19 Pilate also had an inscription written and put on the cross. It read, "Jesus of Nazareth, the King of the Jews." 20 Many of the Jews read this inscription, because the place where Jesus was crucified was near the city; and it was written in Hebrew, in Latin, and in Greek. 21 Then the chief priests of the Jews said to Pilate, "Do not write, "The King of the Jews,' but, "This man said, I am King of the Jews.' " 22 Pilate answered, "What I have written I have written." (Jn.19:19-22)
How can we miss, therefore, the political implications of Jesus' claims, and the direct attack of Jesus' Kingdom upon the powers of darkness and the Kingdoms of this world? GOD never once, neither overlooked the brutality of empire nor let slide the sinister forces coalescing behind it.
This understanding perhaps gives power to, say, a poem like Psalm 94:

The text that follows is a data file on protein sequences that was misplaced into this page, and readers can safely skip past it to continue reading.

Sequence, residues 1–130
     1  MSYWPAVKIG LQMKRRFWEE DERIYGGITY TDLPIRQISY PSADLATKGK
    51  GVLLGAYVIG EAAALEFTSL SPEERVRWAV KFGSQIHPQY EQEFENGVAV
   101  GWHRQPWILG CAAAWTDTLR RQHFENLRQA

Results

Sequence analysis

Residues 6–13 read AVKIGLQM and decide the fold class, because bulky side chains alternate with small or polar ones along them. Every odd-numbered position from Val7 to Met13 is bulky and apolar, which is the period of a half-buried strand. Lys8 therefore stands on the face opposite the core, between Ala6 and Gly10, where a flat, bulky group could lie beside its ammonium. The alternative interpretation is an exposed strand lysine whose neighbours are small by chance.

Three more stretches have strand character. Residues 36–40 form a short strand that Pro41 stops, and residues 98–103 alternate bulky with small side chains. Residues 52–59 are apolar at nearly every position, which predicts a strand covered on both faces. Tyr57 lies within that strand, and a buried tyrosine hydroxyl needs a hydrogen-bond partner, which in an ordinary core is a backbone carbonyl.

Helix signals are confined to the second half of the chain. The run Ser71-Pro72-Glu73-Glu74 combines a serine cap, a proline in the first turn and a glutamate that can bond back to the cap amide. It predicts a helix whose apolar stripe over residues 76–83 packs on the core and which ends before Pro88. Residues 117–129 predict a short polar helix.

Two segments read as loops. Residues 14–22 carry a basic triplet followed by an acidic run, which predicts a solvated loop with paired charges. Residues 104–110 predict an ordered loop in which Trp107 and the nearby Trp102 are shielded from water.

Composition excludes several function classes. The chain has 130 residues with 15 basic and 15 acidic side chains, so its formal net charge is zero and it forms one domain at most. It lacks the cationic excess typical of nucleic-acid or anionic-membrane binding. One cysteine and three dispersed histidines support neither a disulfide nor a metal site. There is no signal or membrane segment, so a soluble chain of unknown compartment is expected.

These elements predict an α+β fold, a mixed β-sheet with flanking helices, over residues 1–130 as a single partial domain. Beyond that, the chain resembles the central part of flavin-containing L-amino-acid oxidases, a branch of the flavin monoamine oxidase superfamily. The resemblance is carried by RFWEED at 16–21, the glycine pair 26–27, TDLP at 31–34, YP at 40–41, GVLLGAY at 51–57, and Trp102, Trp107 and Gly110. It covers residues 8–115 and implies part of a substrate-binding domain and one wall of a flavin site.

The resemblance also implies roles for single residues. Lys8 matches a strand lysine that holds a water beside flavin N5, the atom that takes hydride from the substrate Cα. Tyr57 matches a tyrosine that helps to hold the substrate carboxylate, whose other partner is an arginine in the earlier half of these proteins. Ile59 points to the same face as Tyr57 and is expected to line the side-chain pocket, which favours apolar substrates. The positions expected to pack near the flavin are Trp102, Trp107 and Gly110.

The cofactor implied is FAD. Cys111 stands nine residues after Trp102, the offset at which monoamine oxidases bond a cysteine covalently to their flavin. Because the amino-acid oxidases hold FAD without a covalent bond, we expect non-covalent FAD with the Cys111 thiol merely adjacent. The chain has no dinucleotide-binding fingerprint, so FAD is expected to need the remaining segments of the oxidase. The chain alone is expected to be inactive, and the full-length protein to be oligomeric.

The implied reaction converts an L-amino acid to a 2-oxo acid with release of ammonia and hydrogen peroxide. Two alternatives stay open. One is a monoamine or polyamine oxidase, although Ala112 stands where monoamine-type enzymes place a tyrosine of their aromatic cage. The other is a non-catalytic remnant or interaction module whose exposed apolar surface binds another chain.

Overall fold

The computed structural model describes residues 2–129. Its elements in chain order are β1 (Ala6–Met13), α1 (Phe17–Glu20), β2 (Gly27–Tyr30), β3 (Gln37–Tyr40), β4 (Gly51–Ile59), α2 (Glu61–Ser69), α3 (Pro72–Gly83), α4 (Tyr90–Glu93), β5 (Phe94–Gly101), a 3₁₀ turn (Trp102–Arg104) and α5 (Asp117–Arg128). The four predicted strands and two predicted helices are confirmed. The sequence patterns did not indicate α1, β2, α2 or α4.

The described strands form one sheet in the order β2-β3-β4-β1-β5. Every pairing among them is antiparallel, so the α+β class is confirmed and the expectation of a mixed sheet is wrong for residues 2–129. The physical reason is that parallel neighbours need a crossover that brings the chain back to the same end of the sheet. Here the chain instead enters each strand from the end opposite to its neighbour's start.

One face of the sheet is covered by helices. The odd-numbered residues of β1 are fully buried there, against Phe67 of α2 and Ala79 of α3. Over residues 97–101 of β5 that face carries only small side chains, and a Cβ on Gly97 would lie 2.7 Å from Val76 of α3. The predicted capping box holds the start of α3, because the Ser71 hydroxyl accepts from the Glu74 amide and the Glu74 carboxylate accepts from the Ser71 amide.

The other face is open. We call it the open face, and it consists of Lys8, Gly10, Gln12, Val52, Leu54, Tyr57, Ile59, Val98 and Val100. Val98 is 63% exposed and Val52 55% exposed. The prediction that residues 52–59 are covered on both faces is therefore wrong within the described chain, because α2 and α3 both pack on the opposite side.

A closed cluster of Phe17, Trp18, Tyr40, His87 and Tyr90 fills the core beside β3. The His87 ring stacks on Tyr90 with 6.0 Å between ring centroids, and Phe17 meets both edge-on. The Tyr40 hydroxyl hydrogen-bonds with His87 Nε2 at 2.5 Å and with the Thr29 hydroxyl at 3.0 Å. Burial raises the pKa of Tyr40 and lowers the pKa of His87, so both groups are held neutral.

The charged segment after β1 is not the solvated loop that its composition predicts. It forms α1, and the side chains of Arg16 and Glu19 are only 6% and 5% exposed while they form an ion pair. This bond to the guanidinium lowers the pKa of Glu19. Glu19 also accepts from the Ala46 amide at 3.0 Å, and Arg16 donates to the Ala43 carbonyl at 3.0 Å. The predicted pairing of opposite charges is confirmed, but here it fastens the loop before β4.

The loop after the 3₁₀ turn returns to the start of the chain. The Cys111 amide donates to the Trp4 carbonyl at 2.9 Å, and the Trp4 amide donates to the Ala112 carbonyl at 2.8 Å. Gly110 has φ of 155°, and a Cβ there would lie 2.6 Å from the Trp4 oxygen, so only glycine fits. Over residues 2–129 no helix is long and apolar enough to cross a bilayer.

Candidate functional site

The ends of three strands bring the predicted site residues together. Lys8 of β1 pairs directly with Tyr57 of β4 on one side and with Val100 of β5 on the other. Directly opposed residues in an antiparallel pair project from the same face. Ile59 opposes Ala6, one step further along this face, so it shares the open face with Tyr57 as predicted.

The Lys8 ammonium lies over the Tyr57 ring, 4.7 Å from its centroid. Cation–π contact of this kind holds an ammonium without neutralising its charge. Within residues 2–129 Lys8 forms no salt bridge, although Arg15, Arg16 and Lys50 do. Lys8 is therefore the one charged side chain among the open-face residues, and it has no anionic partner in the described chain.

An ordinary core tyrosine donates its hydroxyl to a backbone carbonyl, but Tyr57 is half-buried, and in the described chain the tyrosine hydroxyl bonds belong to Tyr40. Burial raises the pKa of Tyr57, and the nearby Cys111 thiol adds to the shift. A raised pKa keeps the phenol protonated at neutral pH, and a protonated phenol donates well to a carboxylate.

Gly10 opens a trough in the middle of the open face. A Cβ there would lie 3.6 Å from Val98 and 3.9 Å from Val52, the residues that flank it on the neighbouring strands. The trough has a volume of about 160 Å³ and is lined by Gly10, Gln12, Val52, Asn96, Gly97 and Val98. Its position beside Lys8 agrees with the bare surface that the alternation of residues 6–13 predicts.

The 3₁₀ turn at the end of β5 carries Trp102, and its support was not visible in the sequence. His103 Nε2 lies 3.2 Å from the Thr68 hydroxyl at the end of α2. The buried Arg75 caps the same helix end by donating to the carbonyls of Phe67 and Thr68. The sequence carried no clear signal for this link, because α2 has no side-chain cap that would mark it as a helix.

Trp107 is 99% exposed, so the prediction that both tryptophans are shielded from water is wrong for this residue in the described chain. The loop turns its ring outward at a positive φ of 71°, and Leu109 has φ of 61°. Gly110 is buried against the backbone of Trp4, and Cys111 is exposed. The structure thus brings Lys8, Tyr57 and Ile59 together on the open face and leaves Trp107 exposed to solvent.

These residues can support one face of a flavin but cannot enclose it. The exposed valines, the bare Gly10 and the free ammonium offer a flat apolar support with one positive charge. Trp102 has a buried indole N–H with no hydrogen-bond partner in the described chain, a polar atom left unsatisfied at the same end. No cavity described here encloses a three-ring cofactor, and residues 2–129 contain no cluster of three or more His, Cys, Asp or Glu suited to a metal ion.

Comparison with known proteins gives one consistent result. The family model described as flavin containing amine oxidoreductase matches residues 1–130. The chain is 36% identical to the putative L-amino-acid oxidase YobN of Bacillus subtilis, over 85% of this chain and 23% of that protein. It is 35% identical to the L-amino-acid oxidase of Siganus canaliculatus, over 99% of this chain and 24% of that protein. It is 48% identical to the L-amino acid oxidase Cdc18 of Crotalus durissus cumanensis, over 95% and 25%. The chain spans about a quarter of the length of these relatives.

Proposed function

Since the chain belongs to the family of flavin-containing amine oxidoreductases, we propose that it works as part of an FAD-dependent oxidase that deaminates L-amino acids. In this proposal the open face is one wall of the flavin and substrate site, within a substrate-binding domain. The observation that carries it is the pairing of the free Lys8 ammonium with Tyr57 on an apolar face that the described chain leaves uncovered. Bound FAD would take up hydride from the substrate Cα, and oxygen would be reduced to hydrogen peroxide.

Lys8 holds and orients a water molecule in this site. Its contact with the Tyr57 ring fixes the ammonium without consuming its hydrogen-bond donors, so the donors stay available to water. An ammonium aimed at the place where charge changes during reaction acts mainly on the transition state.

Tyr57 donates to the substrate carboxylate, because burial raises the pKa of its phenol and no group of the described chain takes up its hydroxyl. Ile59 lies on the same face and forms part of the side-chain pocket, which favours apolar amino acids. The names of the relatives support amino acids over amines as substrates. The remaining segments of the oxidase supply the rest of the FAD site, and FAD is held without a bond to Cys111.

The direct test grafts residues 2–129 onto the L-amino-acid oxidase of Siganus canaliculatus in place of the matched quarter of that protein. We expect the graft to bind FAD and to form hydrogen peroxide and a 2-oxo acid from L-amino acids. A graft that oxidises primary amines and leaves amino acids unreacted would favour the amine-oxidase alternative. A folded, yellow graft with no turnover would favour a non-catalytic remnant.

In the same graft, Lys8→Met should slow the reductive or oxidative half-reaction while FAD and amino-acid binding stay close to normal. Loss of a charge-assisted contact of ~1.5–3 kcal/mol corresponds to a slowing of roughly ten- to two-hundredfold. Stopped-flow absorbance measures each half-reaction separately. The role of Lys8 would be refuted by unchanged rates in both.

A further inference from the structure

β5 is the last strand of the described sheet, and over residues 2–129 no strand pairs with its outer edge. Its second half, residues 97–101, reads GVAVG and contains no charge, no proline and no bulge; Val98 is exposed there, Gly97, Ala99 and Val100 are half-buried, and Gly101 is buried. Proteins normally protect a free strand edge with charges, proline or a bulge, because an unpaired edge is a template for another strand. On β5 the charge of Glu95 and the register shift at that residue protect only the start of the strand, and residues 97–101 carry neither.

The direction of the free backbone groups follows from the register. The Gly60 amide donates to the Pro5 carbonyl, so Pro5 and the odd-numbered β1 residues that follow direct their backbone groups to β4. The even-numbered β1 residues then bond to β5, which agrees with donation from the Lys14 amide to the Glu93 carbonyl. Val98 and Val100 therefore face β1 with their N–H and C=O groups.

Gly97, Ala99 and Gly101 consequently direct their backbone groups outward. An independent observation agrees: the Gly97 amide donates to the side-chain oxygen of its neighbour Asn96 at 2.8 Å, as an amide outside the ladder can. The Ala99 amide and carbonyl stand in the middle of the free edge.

1 O Lord, you God of vengeance, you God of vengeance, shine forth! 2 Rise up, O judge of the earth; give to the proud what they deserve! 3 O Lord, how long shall the wicked, how long shall the wicked exult? 4 They pour out their arrogant words; all the evildoers boast. 5 They crush your people, O Lord, and afflict your heritage. 6 They kill the widow and the stranger, they murder the orphan, 7 and they say, "The Lord does not see; the God of Jacob does not perceive." 8 Understand, O dullest of the people; fools, when will you be wise? 9 He who planted the ear, does he not hear? He who formed the eye, does he not see? 10 He who disciplines the nations, he who teaches knowledge to humankind, does he not chastise? 11 The Lord knows our thoughts, that they are but an empty breath. 12 Happy are those whom you discipline, O Lord, and whom you teach out of your law, 13 giving them respite from days of trouble, until a pit is dug for the wicked. 14 For the Lord will not forsake his people; he will not abandon his heritage; 15for justice will return to the righteous, and all the upright in heart will follow it. 16 Who rises up for me against the wicked? Who stands up for me against evildoers? 17 If the Lord had not been my help, my soul would soon have lived in the land of silence. 18 When I thought, "My foot is slipping," your steadfast love, O Lord, held me up. 19 When the cares of my heart are many, your consolations cheer my soul. 20 Can wicked rulers be allied with you, those who contrive mischief by statute? 21 They band together against the life of the righteous, and condemn the innocent to death. 22 But the Lord has become my stronghold, and my God the rock of my refuge. 23 He will repay them for their iniquity and wipe them out for their wickedness; the Lord our God will wipe them out. (Psalm 94 (New Revised Standard)